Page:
Scientists have discovered the cause of extreme winter weather in the Northern Hemisphere.
Scientists from the Department of Environmental, Earth, and Atmospheric Sciences at MIT, along with colleagues from the Hebrew University of Jerusalem, in a new work studied how the stratospheric polar vortex has changed over the past forty years.
A polar vortex is an area of high winds high in the atmosphere that traps cold air around arctic regions. Researchers have found a direct link between rapid warming in the Arctic and its consequences, so sea ice began to shrink, while snow cover in Eurasia, on the contrary, increased.
A typical polar vortex has the shape of a circular circulation cell, but it has recently acquired an extended shape: the authors decided to find out the reasons for this process.
During the study, the authors tracked how this process took place. They found that the excess energy of the Eurasian wave is reflected from the polar vortex and absorbed by a similar North American wave with high pressure over Alaska and the North Pacific Ocean and low pressure over eastern North America. Therefore, due to the energy of the two waves, the likelihood of extreme temperature and weather conditions increases.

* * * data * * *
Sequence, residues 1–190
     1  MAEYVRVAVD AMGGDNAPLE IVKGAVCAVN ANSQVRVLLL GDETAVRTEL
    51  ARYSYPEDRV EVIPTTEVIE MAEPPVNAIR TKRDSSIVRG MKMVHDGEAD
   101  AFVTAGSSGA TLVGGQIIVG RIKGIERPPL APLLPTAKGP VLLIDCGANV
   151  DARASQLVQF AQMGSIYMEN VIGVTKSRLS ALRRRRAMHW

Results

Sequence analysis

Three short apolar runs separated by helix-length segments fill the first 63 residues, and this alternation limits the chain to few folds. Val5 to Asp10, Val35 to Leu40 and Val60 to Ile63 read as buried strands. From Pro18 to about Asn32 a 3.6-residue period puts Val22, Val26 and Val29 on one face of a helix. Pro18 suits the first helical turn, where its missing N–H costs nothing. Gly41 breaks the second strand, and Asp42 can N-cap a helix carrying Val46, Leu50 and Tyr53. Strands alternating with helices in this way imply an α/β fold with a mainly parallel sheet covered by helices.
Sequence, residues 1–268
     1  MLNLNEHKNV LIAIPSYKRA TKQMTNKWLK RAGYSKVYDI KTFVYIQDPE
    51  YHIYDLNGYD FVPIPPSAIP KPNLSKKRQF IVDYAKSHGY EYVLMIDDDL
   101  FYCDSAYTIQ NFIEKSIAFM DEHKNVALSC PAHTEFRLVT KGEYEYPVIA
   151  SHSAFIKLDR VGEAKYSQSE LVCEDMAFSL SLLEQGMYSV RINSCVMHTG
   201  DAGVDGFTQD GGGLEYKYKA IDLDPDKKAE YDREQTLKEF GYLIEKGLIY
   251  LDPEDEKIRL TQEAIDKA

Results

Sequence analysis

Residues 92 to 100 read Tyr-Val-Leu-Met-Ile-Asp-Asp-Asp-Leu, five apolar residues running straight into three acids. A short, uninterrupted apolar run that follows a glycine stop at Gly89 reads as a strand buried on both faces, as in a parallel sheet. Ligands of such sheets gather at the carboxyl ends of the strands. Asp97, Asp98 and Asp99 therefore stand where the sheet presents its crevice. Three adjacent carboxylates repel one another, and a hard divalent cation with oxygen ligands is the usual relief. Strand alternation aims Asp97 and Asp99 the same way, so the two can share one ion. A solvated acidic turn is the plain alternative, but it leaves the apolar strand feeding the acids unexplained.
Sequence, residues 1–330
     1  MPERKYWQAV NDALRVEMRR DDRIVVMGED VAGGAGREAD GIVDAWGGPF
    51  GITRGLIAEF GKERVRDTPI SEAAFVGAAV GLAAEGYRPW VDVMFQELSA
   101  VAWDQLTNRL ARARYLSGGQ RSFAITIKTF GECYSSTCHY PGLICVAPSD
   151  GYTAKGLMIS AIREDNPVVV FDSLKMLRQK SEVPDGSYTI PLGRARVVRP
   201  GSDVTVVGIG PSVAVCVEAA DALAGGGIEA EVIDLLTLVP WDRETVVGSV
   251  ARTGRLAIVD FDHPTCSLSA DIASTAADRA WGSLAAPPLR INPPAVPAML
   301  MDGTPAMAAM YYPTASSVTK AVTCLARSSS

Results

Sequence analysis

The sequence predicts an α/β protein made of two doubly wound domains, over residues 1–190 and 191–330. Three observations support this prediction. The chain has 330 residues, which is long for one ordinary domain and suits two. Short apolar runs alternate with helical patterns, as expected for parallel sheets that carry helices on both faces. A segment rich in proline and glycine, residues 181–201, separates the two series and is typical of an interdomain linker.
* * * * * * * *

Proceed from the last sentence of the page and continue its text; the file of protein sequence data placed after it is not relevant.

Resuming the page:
Last winter, a severe cold wave in Texas sparked controversy over whether climate change could contribute to harsher winter weather. However, there has been no research to support or disprove a physical link between climate change and the cold wave in Texas and other recent severe winter weather events in the United States. Our research provides compelling evidence for this link and shows that global warming will not protect us from the ravages of a harsh winter.
Jude Cohen, Study Lead
According to the results of the work, the authors note that their work helps to resolve the long-standing contradiction between the increase in extreme frosts in winter in mid-latitudes and, at the same time, the rise in global temperatures.
The climate in the Arctic has changed dramatically over the past three years, with a rapid rise in temperature, melting of sea ice, a decrease in spring, and an increase in autumn snow cover.